Tuesday, April 10, 2018

What Jason Mask Does the Hollywood Museum Have?


Take a trip to the Hollywood Museum in Los Angeles and in their basement horror dungeon you will see some costume artifacts from the Friday the 13th franchise. The oldest piece in their collection is a mysterious hockey mask that sits on a Jason mannequin often seen with Freddy. The mask has some weird markings and doesn't look like any mask in particular from the films.

Looks can, however be deceiving. Not only did this mask see screen time (for about a two seconds), it very likely gave birth to most of the masks in the franchise that came after it.

The mask has had a small but interesting role in the history of the franchise, having made a handful of random "guest appearances" during the productions of Part 5 and 6. It was also likely recast to create the Part 6 masks, and as such is the "grandfather" of both the Part 7 and Part 8 masks and the great grandfather of the Jason Goes to Hell masks.


First appearance: The "window scene", Part 5. Note the basic characteristics: yellowish color, narrow axe cut, large eye cuts, weird smiley-looking chevron, strapped from the back. You can also faintly make out the characteristic grime across the mouth ascending up the right side of the mask which can still be seen in the mask today. Look reeeeally close at the top of the mask (to the left of the strap rivet) and you can even see the white/gray spot where the paint has been sanded off the clear acrylic to reveal the white coat on the back. The mask today has different straps and red marks but I'll get into that later.
The mask behind the scenes. Photo courtesy of Dick Warlock.

Second appearance: Part 5 TV advertisement, circa 1985. Note the weird chevron, narrow axe cut, sanding around the mouth, large eye cuts and sanding/weathering patterns around the mouth and perimeter. When the mask zooms in, you can also make out the jagged cut of the right eye.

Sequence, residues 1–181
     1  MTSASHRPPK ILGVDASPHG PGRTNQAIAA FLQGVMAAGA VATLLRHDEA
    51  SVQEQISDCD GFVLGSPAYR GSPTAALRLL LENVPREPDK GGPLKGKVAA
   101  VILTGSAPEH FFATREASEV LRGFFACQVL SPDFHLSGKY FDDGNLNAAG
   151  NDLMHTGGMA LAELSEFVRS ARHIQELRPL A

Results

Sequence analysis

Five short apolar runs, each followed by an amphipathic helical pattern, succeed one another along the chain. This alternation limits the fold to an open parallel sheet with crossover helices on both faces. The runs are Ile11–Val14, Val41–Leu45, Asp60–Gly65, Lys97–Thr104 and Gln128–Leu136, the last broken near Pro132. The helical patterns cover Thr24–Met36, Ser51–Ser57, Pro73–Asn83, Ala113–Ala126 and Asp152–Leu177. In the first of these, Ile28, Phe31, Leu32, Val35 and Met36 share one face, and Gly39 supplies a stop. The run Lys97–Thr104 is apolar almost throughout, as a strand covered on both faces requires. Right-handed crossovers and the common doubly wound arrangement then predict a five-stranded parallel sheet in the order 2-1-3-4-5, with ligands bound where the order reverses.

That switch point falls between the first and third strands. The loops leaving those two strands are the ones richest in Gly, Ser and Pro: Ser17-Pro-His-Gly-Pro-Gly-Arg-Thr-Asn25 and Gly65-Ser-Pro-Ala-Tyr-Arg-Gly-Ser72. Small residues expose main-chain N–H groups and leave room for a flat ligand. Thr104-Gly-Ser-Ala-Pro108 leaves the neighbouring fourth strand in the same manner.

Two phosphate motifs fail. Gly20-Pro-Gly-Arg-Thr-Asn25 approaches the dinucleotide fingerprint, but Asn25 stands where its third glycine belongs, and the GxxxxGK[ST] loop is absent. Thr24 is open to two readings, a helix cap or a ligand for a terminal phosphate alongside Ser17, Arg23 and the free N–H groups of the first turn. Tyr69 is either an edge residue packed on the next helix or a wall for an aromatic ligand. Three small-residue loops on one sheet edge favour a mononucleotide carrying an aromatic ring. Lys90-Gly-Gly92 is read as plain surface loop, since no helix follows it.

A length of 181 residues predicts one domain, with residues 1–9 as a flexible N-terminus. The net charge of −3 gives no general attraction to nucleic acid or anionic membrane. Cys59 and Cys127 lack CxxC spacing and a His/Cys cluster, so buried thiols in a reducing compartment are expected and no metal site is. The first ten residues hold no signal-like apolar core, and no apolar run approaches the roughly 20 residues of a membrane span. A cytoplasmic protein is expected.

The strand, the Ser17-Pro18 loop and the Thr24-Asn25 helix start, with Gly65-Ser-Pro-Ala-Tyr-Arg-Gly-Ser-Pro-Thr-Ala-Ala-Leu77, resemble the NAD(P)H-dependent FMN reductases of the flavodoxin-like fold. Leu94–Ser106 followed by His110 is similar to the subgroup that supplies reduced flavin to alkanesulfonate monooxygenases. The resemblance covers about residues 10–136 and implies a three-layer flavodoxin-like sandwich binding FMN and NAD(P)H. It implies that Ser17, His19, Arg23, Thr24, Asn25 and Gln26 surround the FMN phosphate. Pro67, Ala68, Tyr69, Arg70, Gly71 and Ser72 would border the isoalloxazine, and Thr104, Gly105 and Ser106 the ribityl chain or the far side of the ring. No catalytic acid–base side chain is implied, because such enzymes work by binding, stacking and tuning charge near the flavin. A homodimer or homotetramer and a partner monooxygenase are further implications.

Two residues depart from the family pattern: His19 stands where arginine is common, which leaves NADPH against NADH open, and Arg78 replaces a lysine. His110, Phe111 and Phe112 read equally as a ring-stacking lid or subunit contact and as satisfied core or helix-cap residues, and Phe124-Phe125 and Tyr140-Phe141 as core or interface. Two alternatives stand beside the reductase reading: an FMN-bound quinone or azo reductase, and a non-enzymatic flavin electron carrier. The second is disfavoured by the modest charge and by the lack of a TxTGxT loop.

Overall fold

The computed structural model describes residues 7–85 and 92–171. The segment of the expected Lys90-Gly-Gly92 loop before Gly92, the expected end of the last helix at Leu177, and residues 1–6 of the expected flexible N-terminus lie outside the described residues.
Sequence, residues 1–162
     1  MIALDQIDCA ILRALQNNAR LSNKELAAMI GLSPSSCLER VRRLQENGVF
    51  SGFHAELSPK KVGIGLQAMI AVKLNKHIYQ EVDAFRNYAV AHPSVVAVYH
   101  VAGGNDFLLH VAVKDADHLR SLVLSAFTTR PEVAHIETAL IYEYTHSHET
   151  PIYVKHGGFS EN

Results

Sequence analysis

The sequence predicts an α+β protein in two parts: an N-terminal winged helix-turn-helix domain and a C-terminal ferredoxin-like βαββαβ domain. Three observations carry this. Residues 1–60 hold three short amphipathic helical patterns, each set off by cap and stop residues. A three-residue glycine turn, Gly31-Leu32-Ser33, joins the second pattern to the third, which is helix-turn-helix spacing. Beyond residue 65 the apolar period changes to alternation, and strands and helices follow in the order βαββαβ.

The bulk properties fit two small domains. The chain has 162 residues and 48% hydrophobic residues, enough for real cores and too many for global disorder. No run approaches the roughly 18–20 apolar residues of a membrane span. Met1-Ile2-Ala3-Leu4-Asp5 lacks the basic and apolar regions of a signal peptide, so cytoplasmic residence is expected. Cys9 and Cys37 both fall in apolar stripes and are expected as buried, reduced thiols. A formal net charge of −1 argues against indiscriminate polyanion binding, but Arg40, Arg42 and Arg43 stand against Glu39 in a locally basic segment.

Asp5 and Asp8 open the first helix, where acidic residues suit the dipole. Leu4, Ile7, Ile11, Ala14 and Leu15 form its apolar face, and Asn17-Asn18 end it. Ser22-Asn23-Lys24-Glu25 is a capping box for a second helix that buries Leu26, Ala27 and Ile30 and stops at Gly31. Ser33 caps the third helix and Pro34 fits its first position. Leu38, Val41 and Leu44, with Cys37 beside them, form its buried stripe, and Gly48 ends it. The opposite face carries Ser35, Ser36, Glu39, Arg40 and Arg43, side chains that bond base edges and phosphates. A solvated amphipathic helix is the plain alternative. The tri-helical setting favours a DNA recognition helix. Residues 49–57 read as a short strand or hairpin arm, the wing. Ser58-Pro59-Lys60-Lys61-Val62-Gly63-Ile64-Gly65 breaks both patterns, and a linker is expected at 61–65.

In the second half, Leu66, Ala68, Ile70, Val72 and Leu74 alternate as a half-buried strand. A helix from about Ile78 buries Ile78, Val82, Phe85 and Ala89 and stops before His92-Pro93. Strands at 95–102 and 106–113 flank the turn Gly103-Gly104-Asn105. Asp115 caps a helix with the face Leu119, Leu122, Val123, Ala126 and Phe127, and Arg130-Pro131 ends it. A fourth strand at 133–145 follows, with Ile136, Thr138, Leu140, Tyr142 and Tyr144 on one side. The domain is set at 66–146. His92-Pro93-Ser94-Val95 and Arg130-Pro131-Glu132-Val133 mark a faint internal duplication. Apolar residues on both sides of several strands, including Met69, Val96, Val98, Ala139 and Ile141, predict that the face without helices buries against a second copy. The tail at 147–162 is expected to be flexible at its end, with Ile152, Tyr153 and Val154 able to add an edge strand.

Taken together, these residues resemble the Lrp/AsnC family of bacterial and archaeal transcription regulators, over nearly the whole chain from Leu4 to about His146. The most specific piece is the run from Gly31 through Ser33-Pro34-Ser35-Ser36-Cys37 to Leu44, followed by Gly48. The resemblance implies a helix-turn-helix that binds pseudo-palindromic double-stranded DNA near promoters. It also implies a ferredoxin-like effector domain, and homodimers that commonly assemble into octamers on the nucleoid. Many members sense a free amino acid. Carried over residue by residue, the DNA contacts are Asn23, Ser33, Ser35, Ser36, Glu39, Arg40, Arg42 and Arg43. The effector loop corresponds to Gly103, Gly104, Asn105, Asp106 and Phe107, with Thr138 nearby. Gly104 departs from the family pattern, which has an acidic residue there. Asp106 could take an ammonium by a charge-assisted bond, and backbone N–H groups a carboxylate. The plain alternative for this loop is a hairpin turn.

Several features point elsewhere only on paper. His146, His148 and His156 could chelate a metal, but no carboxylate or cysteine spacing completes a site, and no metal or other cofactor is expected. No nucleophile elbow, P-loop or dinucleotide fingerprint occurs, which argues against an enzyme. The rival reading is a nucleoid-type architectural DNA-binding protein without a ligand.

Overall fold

Source: Youtube

Third appearance: On Bill Forsche's head at Reel EFX studios during pre-production of Friday the 13th Part 6. You can make out the grime pattern across the mouth area.
Photo courtesy of Bill Forsche
Fourth appearance: This 1980's Bill Forsche photo of a child with the mask. Note that it is still strapped from the back like it was in part 5, but with a new Part 6-style triangle replacing the old janky one. The Part 6 mask paint scheme was loosely modeled off of this, and it seems likely this mask was used as both a casting and paint master for the film.
Photo courtesy of Bill Forsche
Also, see below the original part 6 buck and its resemblance to the Hollywood Museum mask, particularly in the eyes.

Final appearance: Hollywood Museum, where it currently resides on a decaying part 4 cowl. The Part 6 triangle has been painted over by a larger, cruder freehand version and a couple of extra chevs added to the cheeks. Looks ridiculous but what can you do at this point. The mask also has Part 6 straps, probably as a replacement for the straps that were removed when the mask was recast, and also as an experiment to see how they would look on the final movie masks.
Photo by Auz
While we don't know the exact origin, we do know this mask first appears in Friday the 13th Part 5, so it dates to at least 1985. However, there are clues that the mask is in fact older.

The mask was painted on a clear blank, as were the Part 3 masks. The construction, narrow shape, sharp molded features and large eye cuts also suggest it came from the Part 3 movie buck. It appears to have been given a light beige basecoat, then another coat of a yellow ochre, which was then sanded off in spots. The yellow tones and deep scratches are similar to the Part 3 stunt mask, and don't resemble any of the masks that are known to have been made for Part 5.